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The Science of Hitting
The Science of Hitting
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Under Armour: Through the Worst of the Storm?

A look at the athletic apparel brand's 2nd-quarter results

August 03, 2020 | About:

Last week, Under Armour (NYSE:UA)(NYSE:UAA) reported results for the second quarter of fiscal 2020. Revenue declined by 41% in the quarter to $708 million, led by a nearly 60% reduction in Wholesale revenues as roughly 80% of the locations where Under Armour products can be purchased around the world were closed throughout much of the quarter (direct-to-consumer sales declined 13%, with strength in e-commerce offset by the closure of company-owned doors). While the results were clearly unimpressive, with a further deceleration from the 23% decline in revenues in the first quarter, it was better than the 50% to 60% revenue drop that management anticipated.

The weak results were across all markets and product categories, with North America revenue down 45%, Asia-Pacific down 20%, Europe, the Middle East and Africa down 39% and Latin America down 72% (collectively, international revenues declined 37% for the quarter on a constant currency basis).

The sizable decline in revenue left Under Armour with too much product: at the end of June, inventories were up 24% year over year to $1.2 billion. This is a problem for a number of reasons. First, inventories consume a fair amount of capital during a period where liquidity remains a concern (inventories account for more than 25% of the company’s tangible assets). Second, despite a reduction in planned purchases in the back half of the year, the company will still need to work through a fair amount of excess inventory (which will require discounting and negatively impact gross margins). Third, there are other companies in a similar position, which will impact competitive behavior (management is expecting a “highly promotional environment” in the back half of 2020). Finally, outsized inventories have constrained the company’s ability to commit to product buys for the second half of the year (Under Armour “significantly reduced planned inventory purchases” in recent months). That last risk cuts both ways: if a recovery occurs faster than anticipated, the company will not have adequate supply to meet consumer demand.

Given the severity of the revenue decline experienced in the first half of the year (down 32% to $1.6 billion), management has moved quickly to adjust the cost structure and conserve liquidity. In the quarter, selling, general and administrative expenses declined 15% year over year, largely due to a meaningful cut to marketing spend. The combination of the 41% revenue decline and an inability to adjust the cost structure in the short term led to an adjusted operating loss of $131 million.

At quarter-end, the company had $1.1 billion in cash and equivalents, compared to $1.2 billion in debt. That figure is inclusive of $500 million in convertible notes that the company issued in May, with the majority of proceeds used to reduce outstanding borrowings under its revolving credit facility. Under Armour has taken these steps in an attempt to shore up its financial position – a primary focus for the company given the recent struggles in the business. For now, the company is more focused on survival than playing offense (rightly so). Looking out longer term, that can be an issue for a company that feels the needs to rebuild its brand, as CEO Patrik Frisk alluded to on the call.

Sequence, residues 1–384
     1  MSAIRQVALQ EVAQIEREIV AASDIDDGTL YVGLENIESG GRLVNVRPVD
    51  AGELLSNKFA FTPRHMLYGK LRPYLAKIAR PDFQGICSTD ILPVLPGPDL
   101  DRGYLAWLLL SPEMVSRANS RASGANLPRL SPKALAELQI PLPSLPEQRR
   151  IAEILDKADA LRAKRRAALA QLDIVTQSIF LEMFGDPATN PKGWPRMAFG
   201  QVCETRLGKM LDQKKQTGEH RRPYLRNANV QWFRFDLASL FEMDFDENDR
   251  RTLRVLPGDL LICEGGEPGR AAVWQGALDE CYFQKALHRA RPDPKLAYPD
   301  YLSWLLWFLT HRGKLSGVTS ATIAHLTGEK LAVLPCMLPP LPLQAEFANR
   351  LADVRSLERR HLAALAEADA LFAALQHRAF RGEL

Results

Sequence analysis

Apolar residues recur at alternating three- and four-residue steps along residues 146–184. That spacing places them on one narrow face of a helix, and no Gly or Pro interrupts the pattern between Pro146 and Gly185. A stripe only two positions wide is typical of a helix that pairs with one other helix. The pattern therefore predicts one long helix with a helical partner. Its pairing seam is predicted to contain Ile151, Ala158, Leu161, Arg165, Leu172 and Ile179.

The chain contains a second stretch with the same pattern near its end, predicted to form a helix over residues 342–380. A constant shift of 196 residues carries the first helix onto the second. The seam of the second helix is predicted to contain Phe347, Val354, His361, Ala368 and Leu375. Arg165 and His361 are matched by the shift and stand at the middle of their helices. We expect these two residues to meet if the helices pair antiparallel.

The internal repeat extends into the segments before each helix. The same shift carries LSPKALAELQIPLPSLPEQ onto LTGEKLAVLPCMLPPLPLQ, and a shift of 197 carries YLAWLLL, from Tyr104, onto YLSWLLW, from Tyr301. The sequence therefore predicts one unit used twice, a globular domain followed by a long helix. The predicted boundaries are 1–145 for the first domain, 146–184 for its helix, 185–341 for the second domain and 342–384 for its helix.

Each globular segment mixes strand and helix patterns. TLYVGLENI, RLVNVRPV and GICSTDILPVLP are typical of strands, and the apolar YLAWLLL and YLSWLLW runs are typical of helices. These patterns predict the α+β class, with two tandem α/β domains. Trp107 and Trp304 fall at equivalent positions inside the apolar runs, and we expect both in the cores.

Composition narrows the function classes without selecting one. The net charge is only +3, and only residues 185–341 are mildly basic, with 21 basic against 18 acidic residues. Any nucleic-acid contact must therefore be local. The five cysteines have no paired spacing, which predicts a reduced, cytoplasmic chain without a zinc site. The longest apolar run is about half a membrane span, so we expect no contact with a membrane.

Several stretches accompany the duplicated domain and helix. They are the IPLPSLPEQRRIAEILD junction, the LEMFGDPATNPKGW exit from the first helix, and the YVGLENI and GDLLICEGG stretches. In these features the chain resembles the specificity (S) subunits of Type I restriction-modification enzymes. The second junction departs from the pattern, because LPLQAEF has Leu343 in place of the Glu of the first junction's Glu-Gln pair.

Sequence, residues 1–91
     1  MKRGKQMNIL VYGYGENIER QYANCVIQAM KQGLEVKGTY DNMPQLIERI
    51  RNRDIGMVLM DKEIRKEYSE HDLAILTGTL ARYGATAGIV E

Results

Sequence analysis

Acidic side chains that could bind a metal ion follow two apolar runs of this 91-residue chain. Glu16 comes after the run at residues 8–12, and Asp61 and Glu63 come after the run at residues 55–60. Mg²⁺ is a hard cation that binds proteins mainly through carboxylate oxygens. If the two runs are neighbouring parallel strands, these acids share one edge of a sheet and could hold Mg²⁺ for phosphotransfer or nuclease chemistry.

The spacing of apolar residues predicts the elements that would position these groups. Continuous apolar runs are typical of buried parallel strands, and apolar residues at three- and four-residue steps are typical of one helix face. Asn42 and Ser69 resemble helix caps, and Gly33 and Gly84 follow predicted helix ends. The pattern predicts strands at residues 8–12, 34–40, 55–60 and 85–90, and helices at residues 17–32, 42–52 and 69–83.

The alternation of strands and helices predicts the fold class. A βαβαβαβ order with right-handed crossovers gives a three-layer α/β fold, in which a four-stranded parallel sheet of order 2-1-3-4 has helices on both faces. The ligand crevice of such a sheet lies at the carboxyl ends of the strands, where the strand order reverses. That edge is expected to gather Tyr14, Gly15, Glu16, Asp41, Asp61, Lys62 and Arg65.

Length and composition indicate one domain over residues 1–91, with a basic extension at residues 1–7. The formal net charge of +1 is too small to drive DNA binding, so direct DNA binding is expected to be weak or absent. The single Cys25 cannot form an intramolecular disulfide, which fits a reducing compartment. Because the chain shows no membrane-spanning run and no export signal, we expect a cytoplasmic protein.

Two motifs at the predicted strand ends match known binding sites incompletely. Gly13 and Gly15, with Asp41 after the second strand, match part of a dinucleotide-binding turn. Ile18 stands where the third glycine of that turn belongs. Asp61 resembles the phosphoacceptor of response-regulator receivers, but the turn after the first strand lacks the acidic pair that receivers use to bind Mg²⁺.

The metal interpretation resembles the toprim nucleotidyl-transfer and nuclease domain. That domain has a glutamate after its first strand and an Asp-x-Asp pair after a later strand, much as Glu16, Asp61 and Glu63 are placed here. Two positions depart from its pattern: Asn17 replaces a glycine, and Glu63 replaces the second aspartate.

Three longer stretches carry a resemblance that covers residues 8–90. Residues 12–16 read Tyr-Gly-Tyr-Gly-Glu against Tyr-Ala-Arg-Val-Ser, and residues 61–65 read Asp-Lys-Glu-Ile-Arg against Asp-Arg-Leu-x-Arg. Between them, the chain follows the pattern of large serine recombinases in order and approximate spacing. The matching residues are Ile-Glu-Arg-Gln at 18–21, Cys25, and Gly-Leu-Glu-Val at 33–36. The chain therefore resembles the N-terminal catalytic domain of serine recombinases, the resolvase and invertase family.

Conclusion

As noted earlier, roughly 80% of the brick-and-mortar locations around the world where Under Armour products are sold were closed for much of the quarter. Today, while most company-owned and wholesale partner doors have reopened, the company is still seeing “considerably lower” traffic than a year ago – and management does not expect that to change before the year ends.

As noted on the call, there’s still a high degree of uncertainty in terms of the duration and the extent to which the pandemic will have a long-term impact on global retailing (if any). For athletic apparel brands like Under Armour, I think it’s likely that we see an acceleration in the trends that have been underway for some time – most notably mix shift towards DTC and the importance of best-in-class consumer facing digital offerings. Unfortunately for Under Armour, I believe the company remains a clear laggard in these areas relative to industry leader Nike (NYSE:NKE).

In the short term, UA has a number of issues to address. It needs to right-size its expenses for lower revenues (expected to decline by roughly 25% for the full year to $4 billion, which would be comparable to 2015 revenues), sell through excess inventories without further impairing the brand, and ensure the financial stability of the company in the face of large operating losses.

Personally, while I can understand why an investor might take a flyer on the equity at its current valuation, I need to see more signs of progress before I’d be willing to make a similar bet. I also continue to worry that changes in the industry - most notably mix shift to DTC and digital - further disadvantages UA relative to peers like Nike and Adidas. For now, I’ll stay on the sidelines.

Disclosure: None.

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About the author:

The Science of Hitting
I desire to own high-quality businesses for the long-term. In the words of Charlie Munger, my preferred approach is "patience followed by pretty aggressive conduct." I run a concentrated portfolio, with the top five positions accounting for the majority of its value. In the eyes of a businessman, I believe this is sufficient diversification.

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